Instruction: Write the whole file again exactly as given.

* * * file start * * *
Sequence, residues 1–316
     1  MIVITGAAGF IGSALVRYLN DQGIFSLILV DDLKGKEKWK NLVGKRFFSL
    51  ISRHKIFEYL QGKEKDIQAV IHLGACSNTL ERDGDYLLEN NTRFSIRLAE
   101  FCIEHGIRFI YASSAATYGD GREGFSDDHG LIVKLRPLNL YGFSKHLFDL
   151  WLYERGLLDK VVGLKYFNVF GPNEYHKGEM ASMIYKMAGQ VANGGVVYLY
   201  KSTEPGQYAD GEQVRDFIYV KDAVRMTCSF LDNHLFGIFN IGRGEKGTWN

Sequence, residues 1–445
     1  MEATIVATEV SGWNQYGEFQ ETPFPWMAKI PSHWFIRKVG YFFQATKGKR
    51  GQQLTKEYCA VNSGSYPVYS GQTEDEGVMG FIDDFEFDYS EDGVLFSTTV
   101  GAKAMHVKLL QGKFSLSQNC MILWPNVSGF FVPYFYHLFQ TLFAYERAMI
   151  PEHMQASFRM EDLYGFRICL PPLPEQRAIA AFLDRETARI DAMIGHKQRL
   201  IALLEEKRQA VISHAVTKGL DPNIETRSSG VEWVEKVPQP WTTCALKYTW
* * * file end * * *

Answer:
Sequence, residues 1–316
     1  MIVITGAAGF IGSALVRYLN DQGIFSLILV DDLKGKEKWK NLVGKRFFSL
    51  ISRHKIFEYL QGKEKDIQAV IHLGACSNTL ERDGDYLLEN NTRFSIRLAE
   101  FCIEHGIRFI YASSAATYGD GREGFSDDHG LIVKLRPLNL YGFSKHLFDL
   151  WLYERGLLDK VVGLKYFNVF GPNEYHKGEM ASMIYKMAGQ VANGGVVYLY
   201  KSTEPGQYAD GEQVRDFIYV KDAVRMTCSF LDNHLFGIFN IGRGEKGTWN

Sequence, residues 1–445
     1  MEATIVATEV SGWNQYGEFQ ETPFPWMAKI PSHWFIRKVG YFFQATKGKR
    51  GQQLTKEYCA VNSGSYPVYS GQTEDEGVMG FIDDFEFDYS EDGVLFSTTV
   101  GAKAMHVKLL QGKFSLSQNC MILWPNVSGF FVPYFYHLFQ TLFAYERAMI
   151  PEHMQASFRM EDLYGFRICL PPLPEQRAIA AFLDRETARI DAMIGHKQRL
   201  IALLEEKRQA VISHAVTKGL DPNIETRSSG VEWVEKVPQP WTTCALKYTW